The #MeToo movement has set off the implosion of a growing number of careers. Now it's on the brink of taking down an entire business: The Weinstein Company, with yesterday's announcement of a civil rights lawsuit filed by the State of New York.

At least 50 women, including high-profile entertainment figures, have publicly accused co-founder Harvey Weinstein of actions spanning from sexual harassment to rape. The chance the company will now collapse before finding a willing buyer is an extreme example of how corporate culture can destroy businesses as well as drive them to success.

New York Attorney-General Eric Schneiderman filed suit on February 11. The complaint alleged "a years-long gender-based hostile work environment, a pattern of quid pro quo sexual harassment, and routine misuse of corporate resources for unlawful ends that extended from in or about 2005 through at least in or about October 2017."

The lawsuit insists that sale of the company ensure compensation to victims "and that neither perpetrators nor enablers will be unjustly enriched," as Schneiderman said in a statement. That may have been the kiss of death.

The Weinstein Company had struggled since revelations of Harvey Weinstein's behavior and an employment contract that reportedly let him buy his way out of trouble. The news caused the company's new radioactive status in the entertainment business.

As top talent, their agents, and potential partners and distributors turned their backs on Harvey Weinstein and his brother, Bob (who was also accused of sexual harassment), the business was in trouble. A Variety story claimed that debt topped $500 million. Film releases were being canceled, choking revenue. One law firm long associated with the Weinstein Company walked away from its client over unpaid bills, according to the Hollywood Reporter.

The Weinstein Company needed a buyer that could take on the debt above a selling price and was in talks with a group. But the lawsuit could create a new level of debt that didn't previously existed and a court could impose significant restrictions on a deal's terms.

In other words, Schneiderman just dropped a Sunday night bombshell on anyone who might buy the company.

An existing deal to sell the Weinstein Company collapsed as a result, according to the Wall Street Journal. Too much was up in the air, and buyers were uninterested in taking on what could be an even bigger risk than they already faced.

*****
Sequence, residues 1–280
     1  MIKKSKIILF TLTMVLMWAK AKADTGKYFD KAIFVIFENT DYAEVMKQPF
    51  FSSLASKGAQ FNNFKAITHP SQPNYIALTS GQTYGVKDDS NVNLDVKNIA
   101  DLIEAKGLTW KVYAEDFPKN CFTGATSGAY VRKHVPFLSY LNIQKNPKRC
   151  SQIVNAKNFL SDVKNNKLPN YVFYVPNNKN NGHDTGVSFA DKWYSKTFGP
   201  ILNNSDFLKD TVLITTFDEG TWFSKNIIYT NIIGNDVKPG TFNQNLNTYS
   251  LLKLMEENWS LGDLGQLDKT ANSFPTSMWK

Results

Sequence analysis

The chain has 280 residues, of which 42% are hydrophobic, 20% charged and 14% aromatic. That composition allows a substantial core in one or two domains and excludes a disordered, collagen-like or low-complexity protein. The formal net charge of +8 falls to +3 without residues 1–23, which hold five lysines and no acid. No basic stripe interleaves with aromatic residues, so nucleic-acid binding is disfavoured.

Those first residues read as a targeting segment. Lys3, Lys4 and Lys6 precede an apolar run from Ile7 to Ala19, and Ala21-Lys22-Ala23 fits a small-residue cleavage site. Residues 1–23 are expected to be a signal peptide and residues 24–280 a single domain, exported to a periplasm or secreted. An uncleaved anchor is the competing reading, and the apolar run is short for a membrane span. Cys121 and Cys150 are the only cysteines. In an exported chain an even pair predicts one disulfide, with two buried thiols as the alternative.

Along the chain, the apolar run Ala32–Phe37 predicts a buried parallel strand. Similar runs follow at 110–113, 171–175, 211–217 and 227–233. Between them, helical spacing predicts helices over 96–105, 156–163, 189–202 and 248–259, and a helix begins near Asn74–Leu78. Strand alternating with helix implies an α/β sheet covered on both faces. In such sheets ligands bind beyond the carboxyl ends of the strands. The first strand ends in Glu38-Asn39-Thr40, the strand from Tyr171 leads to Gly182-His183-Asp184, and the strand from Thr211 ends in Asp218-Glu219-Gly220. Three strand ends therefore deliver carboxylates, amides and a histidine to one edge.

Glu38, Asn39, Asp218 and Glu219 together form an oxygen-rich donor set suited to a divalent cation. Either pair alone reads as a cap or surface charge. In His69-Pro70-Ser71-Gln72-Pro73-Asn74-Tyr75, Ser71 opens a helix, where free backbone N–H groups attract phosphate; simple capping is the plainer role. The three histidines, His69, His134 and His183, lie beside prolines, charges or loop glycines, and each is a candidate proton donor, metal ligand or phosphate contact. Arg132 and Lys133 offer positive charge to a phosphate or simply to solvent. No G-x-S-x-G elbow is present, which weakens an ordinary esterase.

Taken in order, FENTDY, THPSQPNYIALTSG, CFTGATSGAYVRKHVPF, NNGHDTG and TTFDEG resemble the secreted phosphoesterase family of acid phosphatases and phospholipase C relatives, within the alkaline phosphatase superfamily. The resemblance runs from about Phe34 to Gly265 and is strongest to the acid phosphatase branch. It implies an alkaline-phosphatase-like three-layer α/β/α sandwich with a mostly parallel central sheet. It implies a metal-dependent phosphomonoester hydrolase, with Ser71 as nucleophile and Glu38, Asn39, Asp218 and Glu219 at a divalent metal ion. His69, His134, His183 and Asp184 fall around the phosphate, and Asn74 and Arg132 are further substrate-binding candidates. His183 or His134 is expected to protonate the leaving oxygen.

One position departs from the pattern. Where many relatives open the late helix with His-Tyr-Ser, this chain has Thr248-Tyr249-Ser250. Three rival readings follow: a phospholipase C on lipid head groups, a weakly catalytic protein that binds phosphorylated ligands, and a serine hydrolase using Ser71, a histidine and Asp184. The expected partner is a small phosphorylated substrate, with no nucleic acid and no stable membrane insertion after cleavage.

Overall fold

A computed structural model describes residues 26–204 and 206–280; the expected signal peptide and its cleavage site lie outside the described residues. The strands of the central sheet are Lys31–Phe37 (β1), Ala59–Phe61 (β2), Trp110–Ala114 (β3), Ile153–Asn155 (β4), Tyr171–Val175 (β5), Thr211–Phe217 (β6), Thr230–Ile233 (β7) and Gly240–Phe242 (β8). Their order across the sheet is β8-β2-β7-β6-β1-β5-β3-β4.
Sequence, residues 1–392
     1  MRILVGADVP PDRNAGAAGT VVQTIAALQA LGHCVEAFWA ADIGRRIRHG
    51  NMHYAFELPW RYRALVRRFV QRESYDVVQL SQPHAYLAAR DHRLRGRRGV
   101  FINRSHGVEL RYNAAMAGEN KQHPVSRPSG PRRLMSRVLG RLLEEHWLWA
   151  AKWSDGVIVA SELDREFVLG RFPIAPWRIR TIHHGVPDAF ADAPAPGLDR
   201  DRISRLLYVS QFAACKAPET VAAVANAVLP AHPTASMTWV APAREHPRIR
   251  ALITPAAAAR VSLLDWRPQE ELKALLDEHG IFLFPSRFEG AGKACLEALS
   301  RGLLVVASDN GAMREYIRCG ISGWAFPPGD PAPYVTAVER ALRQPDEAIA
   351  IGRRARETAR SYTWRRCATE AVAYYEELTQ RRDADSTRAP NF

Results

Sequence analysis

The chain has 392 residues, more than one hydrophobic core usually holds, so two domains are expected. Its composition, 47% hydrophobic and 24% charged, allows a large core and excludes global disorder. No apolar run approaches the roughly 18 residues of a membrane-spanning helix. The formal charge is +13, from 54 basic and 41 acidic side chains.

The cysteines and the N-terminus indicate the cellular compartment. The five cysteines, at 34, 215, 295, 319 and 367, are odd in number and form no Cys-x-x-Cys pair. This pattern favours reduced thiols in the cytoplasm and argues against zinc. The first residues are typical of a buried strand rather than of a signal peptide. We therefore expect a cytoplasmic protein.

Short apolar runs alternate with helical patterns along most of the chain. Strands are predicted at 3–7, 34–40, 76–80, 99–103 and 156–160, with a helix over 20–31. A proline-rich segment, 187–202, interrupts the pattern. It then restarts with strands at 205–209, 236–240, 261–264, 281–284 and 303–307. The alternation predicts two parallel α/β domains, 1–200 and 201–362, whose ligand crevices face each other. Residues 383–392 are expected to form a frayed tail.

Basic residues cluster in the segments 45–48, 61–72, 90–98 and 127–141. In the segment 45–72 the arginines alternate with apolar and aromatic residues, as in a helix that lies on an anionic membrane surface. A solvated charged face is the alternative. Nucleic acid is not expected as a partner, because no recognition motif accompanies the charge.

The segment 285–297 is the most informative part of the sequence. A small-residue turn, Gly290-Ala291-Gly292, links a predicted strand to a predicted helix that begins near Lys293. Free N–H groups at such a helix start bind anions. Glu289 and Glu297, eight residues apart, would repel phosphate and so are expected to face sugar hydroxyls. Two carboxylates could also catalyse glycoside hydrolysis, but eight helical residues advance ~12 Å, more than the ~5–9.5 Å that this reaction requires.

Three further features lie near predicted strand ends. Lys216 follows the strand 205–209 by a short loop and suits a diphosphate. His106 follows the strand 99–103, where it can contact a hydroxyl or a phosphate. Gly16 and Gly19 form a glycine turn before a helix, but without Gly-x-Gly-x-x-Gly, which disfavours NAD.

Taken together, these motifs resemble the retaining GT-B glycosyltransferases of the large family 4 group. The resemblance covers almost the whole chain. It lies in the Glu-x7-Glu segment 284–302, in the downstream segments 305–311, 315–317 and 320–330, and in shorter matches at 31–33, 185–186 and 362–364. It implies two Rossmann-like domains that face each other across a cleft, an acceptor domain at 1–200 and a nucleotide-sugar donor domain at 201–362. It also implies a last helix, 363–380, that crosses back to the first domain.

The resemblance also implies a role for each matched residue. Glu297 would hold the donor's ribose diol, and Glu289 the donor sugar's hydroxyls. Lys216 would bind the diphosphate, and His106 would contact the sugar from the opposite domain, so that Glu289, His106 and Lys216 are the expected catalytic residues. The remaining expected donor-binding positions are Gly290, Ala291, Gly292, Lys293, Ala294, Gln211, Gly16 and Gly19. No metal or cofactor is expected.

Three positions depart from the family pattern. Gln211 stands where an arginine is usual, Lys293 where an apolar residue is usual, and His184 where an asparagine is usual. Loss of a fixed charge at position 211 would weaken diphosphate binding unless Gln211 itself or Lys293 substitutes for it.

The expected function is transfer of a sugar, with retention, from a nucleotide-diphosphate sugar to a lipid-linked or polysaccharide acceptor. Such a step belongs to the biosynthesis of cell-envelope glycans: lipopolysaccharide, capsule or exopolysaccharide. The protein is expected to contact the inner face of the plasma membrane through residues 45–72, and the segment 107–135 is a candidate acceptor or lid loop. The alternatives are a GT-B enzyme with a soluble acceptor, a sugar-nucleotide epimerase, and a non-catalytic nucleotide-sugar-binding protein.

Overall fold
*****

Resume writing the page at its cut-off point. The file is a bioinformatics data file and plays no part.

Corporate culture is a tricky social dynamic to navigate. In some cases, it can propel a company forward as employees buy into an overall vision and incorporate attitudes and habits that benefit the business. Just as easily, a bad corporate culture can be a disaster, as with Uber.

A major change in management in such a company can sometimes usher in a new culture. However, such change is a race against time. Can you alter how people act and a company performs before the fundamental flaws -- and the problems they create -- engulf the business and burn it to the ground? This is like emergency life-saving surgery and there is always a risk that efforts will be too late.

That was partly what a purchase of the Weinstein Company could have meant.

Just as old nitrate-based film stock was a terrible fire hazard in the movie business, practices, cultures, and enablement of sexual harassment and assault are a big danger to the industry today. The Weinstein Company and its management may learn that no amount of fire extinguishers could be enough to save the day.

The lesson isn't one just for film and video companies. If there are basic problems in the culture of your company, you need to address them now. The longer you wait, the more they fester and grow. It's like buying business success on credit. The bill can one day run so high that you can never pay it off. And when you can't, it's the end.